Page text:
I want to thank George Clooney for making “Monuments Men.”
Using the genre of a Hollywood caper film, Clooney weaves a suspenseful tale of cultural rescue. Almost weekly we are reading about what happened to these stolen art works, especially after a trove of looted works was found recently in Germany, and it’s gratifying to see the backstory on the screen.
Just as Clooney explored the destruction of careers that occurred during the Blacklist period in “Good Night, and Good Luck,” the versatile actor/director has made audiences aware of a lesser known macabre aspect of the Nazi regime — the plan to steal or destroy major artworks.
I pride myself on knowing World War II history, especially about the Holocaust as I researched and produced “Partisans of Vilna,” a documentary on Jewish resistance. I knew the Nazis had raided both museum and personal art collections, especially of Jewish families. But somehow the nuts and bolts story of how FDR gave the green light to a plan to save the art, maneuvering the rescue of major cultural artifacts, was unknown to me.
Using a cast of a band of brothers of art specialists headed by Clooney and rounded out by such well-known actors as Matt Damon, Bill Murray, John Goodman, and Bob Balaban, Clooney uses humor and tension to tell this lesser-known historical story. He also casts a Frenchman, Jean Dujardin, and a Brit, Hugh Bonneville, to show the combined Allied effort in this “liberation” enterprise. Using stars of the award winning “The Artist” and the father figure on the ever popular PBS series “Dowton Abbey” were also clever Clooney casting decisions.
I especially appreciated the humor, a signature Clooney touch, that is projected throughout the film as the art historians and curators of “Monuments Men” banter away about first joining the art rescue efforts and then implementing them. Not equipped to be soldiers at first, they make a quick transition into trained fighters.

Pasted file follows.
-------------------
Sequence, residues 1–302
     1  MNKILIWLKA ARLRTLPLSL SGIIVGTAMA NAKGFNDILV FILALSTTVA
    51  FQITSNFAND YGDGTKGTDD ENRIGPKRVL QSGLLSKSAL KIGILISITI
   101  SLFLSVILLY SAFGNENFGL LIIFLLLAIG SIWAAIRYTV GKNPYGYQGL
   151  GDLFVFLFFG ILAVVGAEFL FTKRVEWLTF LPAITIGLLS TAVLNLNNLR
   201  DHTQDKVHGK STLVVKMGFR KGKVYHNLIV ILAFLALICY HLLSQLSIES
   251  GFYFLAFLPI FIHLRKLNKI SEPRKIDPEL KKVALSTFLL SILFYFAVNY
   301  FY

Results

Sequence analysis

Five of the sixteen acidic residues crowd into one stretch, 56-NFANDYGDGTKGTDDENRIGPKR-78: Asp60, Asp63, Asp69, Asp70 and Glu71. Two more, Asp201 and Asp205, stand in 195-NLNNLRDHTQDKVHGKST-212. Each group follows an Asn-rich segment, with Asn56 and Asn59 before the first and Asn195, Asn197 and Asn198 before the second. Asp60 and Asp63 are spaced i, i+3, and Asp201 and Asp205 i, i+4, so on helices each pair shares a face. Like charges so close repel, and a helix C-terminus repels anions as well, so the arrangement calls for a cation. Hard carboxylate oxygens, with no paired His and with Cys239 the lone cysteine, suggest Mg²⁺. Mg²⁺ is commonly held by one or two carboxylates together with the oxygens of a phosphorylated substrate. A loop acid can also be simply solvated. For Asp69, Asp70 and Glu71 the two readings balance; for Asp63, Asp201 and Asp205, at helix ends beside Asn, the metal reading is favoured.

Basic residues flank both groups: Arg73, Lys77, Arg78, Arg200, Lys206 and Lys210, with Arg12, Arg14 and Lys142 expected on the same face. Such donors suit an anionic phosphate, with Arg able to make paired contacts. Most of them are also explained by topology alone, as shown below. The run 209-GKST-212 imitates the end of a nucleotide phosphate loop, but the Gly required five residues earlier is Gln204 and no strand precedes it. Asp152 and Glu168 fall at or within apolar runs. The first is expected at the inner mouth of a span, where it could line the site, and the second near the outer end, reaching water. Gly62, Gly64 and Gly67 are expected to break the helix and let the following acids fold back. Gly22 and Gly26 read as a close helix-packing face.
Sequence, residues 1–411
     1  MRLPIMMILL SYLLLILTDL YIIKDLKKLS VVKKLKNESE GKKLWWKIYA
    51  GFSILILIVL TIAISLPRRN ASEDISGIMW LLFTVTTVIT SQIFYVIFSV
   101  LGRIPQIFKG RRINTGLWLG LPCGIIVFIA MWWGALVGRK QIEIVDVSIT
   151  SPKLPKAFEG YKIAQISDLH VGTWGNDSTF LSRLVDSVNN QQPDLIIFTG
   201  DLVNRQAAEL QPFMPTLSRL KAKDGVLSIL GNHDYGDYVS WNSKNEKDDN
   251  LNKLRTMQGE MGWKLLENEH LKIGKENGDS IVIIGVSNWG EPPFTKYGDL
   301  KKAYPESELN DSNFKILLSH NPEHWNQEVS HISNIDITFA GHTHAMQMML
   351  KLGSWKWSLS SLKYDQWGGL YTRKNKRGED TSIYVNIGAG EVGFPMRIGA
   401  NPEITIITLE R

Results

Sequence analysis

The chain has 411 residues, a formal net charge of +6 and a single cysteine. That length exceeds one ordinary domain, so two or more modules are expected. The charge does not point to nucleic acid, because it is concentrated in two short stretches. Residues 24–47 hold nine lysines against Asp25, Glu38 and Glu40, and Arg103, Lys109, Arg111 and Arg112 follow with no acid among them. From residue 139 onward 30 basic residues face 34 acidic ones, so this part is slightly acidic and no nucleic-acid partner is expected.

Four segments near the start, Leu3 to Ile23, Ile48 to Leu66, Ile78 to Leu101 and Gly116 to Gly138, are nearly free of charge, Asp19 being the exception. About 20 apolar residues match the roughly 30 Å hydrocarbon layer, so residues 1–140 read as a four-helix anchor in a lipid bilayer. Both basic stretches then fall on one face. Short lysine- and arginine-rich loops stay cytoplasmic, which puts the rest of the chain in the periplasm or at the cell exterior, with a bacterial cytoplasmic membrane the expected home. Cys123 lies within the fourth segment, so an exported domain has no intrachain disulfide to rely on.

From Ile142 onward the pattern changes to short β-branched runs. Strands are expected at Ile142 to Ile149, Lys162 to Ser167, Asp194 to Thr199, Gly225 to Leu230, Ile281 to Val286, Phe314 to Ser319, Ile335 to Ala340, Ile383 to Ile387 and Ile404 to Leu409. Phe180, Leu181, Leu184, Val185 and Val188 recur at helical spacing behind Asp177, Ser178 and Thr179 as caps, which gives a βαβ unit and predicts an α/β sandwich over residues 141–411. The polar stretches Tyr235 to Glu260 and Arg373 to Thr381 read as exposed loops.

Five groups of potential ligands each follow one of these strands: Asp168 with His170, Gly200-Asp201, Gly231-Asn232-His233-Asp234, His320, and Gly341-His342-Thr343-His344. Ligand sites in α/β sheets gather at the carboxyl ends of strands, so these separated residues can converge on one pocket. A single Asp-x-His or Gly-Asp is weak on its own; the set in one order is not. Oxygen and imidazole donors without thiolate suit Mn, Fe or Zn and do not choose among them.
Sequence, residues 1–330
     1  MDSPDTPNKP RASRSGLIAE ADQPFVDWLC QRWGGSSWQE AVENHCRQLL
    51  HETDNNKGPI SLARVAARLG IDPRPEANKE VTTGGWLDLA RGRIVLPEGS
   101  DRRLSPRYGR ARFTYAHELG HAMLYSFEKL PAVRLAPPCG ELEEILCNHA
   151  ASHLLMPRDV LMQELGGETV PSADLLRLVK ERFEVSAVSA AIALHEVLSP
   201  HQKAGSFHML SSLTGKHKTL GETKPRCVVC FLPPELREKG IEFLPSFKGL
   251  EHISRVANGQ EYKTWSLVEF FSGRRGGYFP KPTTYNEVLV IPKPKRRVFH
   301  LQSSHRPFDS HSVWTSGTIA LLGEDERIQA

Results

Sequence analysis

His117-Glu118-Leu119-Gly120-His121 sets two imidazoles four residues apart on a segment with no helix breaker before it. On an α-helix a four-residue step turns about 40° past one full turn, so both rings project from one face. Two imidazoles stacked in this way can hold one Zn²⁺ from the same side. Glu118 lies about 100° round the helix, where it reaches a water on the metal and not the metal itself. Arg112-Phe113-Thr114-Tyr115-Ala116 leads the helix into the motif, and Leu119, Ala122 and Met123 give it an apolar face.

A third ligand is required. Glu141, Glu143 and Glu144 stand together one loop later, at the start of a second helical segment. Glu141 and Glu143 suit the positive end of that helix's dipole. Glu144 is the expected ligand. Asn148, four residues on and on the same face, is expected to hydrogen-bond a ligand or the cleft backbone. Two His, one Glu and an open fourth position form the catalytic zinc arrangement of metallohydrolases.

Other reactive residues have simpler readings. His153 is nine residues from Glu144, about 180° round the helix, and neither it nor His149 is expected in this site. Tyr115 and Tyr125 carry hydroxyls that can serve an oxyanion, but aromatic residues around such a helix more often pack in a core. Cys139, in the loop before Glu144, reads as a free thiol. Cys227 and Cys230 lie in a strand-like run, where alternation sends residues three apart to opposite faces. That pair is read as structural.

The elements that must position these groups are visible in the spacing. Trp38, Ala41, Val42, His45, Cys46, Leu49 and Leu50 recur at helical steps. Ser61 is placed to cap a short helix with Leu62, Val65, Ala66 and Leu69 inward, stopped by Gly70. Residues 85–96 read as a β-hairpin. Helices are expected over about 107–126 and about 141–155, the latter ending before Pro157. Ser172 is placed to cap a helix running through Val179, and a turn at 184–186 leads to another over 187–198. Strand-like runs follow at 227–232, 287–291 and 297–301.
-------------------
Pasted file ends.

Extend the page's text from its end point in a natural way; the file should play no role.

As usual, Cate Blanchett gives a fine performance as a crafty Frenchwoman working for the French resistance. She is compelled to work along the Nazis as they raid the French treasures. But she takes advantage of that bastardly task by secretly documenting what pieces are being raided. In one scene her little sabotage act of spitting in the German’s glass offers great satisfaction is a classic act of revenge. Kudos also to Clooney, and his script co writer Grant Heslov, for not following the usual formula of a wartime romance by circumventing a romance between Damon and Blanchett and making it just about the rescue of the art.
The film continues to work as a reliving of the group’s attempts to identify and rescue works before the Nazis destroy or the Soviets steal them. This effective film reminds us that the allied forces not only fought for democracy and to end genocide but also to restore the cultural treasures of Europe. This is an aspect of the war that is still being played out in the courts and on Museum walls.
Audience members interested in knowing more about what really happened should read “The Monuments Men: Allied Heroes, Nazi Thieves, and the Greatest Treasure Hunt in History” by Robert Edsel and Bret Witter or “The Rape of Europa: The Fate of Europe’s Treasures in the Third Reich and the Second World War” by Lynn H. Nicholas. See also the fine documentary, “The Rape of Europa,” directed by Richard Berge, Bonni Cohen, Nicole Newnham.
Because of Clooney’s popularity, new film audiences will view art differently from now on. Next time we go to any major museum in Europe or America today, we will remember that some of the major works may have been stolen during World War II. As the movie tensely presents this story, we’re comforted that at least the “Monuments Men” saved millions of works from destruction or theft.
And as long these works still prevail we are reminded that the Allied forces won and Nazism would not steal the pearls of our civilization.